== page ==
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UCSB History Department Statement on Floyd Uprising

History Department Statement 

George Floyd’s slow, excruciating, and brutal death on May 25, 2020 has sparked a global uprising. The UCSB History Department grieves and stands in solidarity with colleagues and students on campus and in the community, and with Black people around the world. The Floyd Uprising has, like many Black led movements in the past, launched our reckoning with racism and white supremacy in the United States and abroad. To stand is not enough. Hortense Spillers taught us that silence is a historical distortion. As historians, and as a department, we have a duty to raise our voices.

White supremacy and its violent manifestations employ readings of history to justify bloodletting. Its promulgators anchor their vision of a future in racist depictions of the past. The global history of white supremacy’s violence shapes our stories about the past and perpetuates antiblackness.

We define antiblackness as a structural and prevalent form of racism, built on the legacy of African enslavement, that legitimizes the violation of Black life and perpetuates prejudice against Blackness in diverse contexts and communities. We pledge to combat racism and antiblackness in our teaching, research, and our personal and professional lives. 

Dismantling antiblackness means striking at the inequalities undergirding US history as well as confronting racism in other fields. Slavery and settler colonialism established the core financial, policing, and legal institutions of what is now the United States. Capitalism was founded on the commodification of labor, stolen land, and the accumulation and mobilization of Black bodies as private property. Academic disciplines, like history, must reckon with how the legacy of the Euro-American trade in enslaved African peoples defines the world today. Historians must challenge how institutions have imagined diverse pasts as white and how contemporary forces have used such erasures to justify violent domination.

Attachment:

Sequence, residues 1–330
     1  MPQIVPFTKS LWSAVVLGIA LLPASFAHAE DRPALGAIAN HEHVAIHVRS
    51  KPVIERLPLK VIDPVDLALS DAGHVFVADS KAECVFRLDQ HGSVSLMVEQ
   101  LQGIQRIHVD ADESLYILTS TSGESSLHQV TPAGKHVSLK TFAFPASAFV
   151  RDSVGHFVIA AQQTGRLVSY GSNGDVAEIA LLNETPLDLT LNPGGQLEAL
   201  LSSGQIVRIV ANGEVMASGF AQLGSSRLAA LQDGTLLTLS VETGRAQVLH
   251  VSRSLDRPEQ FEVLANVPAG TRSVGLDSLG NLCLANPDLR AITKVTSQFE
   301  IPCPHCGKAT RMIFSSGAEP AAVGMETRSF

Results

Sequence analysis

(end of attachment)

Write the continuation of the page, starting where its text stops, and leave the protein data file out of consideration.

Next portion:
Understanding and interrogating our racialized past has never been more urgent. We must acknowledge how disciplinary history has been founded and taken part in racism, exclusion, and erasure. We must become part of the solution. Histories of Black people, in the United States, the Americas, Africa and its diaspora, Asia, Europe, and the Middle East are still marginalized in our field and our department.

Our department commits to tackling this marginalization by:

  1. Hiring a historian of twentieth-century African American history at the earliest possible opportunity.
  2. Supporting the African Studies Initiative, a group of Black graduate and undergraduate students from History, Sociology, Film and Media Studies, and Black Studies, who have lobbied the Deans of UCSB to establish a Center for African Studies.
  3. Conducting an ongoing History colloquium on antiblackness and racism.
  4. Centering Blackness, Black lives, and antiblackness in our academic curriculum.
    1. Offering workshops on incorporating Black lives and addressing antiblack racism in our teaching, graduate training, mentorship, and professional practice.
    2. Revisiting our curricular requirements for undergraduate and graduate students to foreground courses on African, African American, and African diasporic history.
  5. Curating an archive of primary source materials for use in teaching, research, and promoting public understanding of the history of antiblackness and the contributions struggles against racism have and continue to make to freedom, justice, and democracy.